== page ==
“Do You Need a Guide Madam? You Will Have the Best Time! You Will See the Bodies Burn!”

27 Feb

First light on the Ganges, Varanasi.

India has overwhelmed every one of my five (or maybe six?) senses. Color and chaos, spice and fruit and chili explosions on my tongue and in my nostrils, views of unequaled exotic beauty juxtaposed in the same 12 inches with trash and animal waste and children wearing no shoes. An array of horns and engines and screams and animals and calls to prayer has assaulted my ears and entered my dreams in the middle of the night.

On the Ganges, Varanasi.

Sunrises are a time of day I don’t see very often – those few fragile moments when the monochrome grey of night awakens into color and life. A paint-by-numbers – just add the delicate morning light.

At the Dashashwamedh Ghat, Varanasi.

Sunrise anywhere is an optical transformation – and in India, where my senses are experiencing unparalleled intensity, they are magic. We’ve been fortunate to capture this moment several times so far on this trip – some by effort, and some by the serendipity of an early train or bus, our unintentionally sleepy grumpiness dissolving into jaw-dropping astonishment.

Near the Dashashwamedh Ghat, Varanasi.

I cannot possibly begin to understand the functioning structure of this society in any way – how the population and the religions and the occupations mesh together to form order in this frenetic daily pace. But I’ve been advised to suspend my general practical perceptions a little, and so, to observe: to be present and to smell and to taste and to witness.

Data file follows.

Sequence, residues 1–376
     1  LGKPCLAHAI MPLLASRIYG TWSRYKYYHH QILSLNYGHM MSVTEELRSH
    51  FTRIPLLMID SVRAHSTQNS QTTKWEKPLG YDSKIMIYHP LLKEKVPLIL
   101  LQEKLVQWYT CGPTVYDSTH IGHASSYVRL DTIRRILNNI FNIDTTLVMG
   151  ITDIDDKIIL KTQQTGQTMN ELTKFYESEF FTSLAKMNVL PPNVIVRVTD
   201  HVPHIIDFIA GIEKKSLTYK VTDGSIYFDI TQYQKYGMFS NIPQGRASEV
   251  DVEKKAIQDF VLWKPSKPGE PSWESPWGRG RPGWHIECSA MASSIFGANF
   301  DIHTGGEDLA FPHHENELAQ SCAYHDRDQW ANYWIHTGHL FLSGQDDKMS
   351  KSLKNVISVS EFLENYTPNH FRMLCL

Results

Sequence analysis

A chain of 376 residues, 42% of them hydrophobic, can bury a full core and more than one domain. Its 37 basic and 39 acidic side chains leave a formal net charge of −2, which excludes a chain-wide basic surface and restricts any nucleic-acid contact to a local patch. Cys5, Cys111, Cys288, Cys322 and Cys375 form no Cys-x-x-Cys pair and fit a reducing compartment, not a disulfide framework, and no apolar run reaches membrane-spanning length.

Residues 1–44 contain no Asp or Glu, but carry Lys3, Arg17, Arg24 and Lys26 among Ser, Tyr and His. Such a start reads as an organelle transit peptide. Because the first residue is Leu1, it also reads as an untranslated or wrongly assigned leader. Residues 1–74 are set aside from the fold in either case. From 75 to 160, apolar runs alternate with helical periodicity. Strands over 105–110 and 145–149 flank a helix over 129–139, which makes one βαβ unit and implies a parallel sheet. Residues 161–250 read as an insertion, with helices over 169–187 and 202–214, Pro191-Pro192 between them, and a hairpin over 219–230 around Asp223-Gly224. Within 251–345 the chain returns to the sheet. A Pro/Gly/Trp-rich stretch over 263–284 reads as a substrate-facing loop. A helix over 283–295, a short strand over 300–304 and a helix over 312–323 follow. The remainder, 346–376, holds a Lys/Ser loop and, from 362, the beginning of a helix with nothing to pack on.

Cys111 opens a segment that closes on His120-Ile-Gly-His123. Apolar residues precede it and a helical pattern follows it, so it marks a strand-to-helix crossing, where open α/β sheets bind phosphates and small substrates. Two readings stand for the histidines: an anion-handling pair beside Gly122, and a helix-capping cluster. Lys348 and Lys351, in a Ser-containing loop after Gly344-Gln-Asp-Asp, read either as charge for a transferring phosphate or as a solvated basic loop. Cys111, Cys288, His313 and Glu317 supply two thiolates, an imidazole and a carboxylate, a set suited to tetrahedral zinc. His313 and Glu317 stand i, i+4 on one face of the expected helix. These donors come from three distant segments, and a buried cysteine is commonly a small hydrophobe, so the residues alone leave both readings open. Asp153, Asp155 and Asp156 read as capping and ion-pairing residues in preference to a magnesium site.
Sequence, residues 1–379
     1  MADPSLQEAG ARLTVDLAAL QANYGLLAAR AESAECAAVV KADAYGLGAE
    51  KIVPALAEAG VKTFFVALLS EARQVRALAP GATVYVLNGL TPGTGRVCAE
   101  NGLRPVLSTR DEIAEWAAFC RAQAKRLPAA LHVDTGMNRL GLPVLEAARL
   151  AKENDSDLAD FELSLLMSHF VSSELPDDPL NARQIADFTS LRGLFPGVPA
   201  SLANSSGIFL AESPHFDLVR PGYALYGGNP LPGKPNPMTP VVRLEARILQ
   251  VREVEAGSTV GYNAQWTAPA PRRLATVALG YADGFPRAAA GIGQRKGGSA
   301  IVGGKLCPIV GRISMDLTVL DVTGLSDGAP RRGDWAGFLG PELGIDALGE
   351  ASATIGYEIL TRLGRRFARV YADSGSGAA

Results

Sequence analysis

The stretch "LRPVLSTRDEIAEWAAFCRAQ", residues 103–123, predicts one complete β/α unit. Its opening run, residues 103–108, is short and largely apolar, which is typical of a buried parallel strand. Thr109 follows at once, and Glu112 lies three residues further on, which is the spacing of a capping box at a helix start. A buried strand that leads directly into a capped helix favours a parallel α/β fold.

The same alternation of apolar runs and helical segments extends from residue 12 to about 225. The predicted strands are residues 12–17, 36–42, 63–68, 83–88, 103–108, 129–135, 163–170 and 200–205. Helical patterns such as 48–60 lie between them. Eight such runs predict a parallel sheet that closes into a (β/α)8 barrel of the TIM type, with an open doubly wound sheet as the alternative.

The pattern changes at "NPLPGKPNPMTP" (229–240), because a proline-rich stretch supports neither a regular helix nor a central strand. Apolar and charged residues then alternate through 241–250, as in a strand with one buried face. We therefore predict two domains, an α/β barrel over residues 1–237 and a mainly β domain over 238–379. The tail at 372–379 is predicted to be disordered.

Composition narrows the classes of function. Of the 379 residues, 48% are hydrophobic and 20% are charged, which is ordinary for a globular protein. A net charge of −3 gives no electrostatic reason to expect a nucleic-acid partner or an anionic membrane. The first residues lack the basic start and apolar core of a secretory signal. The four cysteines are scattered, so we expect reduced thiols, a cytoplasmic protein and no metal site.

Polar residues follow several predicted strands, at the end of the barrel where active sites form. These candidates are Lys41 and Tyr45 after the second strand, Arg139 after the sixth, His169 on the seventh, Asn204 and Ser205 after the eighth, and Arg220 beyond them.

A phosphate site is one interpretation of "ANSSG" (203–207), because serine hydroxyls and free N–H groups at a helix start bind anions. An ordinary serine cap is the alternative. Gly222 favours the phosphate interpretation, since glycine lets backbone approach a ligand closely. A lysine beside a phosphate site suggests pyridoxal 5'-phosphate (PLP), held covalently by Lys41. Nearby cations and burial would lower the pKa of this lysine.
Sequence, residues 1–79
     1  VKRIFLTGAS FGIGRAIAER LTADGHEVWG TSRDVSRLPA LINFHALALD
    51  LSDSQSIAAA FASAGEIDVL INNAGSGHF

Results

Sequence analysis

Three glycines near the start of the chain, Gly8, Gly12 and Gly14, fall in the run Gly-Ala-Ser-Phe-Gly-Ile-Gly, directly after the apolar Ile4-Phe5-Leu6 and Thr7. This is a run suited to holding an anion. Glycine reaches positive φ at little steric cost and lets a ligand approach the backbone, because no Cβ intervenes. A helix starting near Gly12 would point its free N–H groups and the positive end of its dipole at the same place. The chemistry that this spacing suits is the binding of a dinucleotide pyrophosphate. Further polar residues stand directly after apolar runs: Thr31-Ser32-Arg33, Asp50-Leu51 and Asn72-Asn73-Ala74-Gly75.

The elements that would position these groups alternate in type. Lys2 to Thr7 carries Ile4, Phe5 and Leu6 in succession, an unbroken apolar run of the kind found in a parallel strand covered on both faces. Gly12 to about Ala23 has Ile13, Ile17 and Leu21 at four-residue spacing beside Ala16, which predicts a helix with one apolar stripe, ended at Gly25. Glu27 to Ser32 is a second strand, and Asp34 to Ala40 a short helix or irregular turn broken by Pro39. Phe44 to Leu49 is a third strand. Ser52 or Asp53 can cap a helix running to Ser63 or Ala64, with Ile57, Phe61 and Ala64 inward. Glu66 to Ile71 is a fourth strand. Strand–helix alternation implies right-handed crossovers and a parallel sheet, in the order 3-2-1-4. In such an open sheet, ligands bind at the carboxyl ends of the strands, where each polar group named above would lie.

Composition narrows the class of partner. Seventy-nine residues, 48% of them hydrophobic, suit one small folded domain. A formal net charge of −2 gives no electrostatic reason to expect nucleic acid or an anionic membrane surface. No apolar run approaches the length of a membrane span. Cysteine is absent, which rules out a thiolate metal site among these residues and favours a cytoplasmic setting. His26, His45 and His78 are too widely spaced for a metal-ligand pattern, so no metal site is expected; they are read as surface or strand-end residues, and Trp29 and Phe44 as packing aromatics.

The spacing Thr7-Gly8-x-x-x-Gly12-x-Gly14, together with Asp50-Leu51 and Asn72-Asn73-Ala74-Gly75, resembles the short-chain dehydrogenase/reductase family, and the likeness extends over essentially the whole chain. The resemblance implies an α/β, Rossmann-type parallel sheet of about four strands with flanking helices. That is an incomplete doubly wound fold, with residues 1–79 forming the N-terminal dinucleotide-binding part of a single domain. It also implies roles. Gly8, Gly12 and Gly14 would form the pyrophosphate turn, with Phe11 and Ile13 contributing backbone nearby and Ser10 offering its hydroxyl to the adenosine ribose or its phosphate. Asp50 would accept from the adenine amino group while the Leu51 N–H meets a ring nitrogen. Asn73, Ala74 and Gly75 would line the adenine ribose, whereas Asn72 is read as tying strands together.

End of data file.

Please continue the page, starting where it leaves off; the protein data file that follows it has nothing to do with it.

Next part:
On the Ganges, Varanasi.

For millions, one river holds a special place geographically, spiritually and metaphysically – the Ganges, a sacred waterway for activities my western mind would never categorize together: bathing and laundry, prayer and commerce and livestock, ice cream and cremation and snacks and paying tribute to the dead.

 

 

Sunrise, Varanasi.

Varanasi.

And so it was that sometime while the sun was still tossing and turning in its bedsheets, we hailed a rickshaw and made that pilgrimage to the waters’ edge, through wooden stalls, over dirt roads, past locked storefronts, along with a somnambulic stream of those going to sell and those going to worship and those swinging cameras around their necks – to haggle a price for us all to board a painted wooden rowboat and bear witness to this inconceivable jumble of saris drying in the sun and monkeys jumping on rooftops and smoke rising from burning funeral pyres and the first apparition of a bright, red, Indian sun.

Advertisements

Leave a Reply

Fill in your details below or click an icon to log in:

WordPress.com Logo

You are commenting using your WordPress.com account. Log Out / Change )

Twitter picture

You are commenting using your Twitter account. Log Out / Change )

Facebook photo

You are commenting using your Facebook account. Log Out / Change )

Google+ photo

You are commenting using your Google+ account. Log Out / Change )

Connecting to %s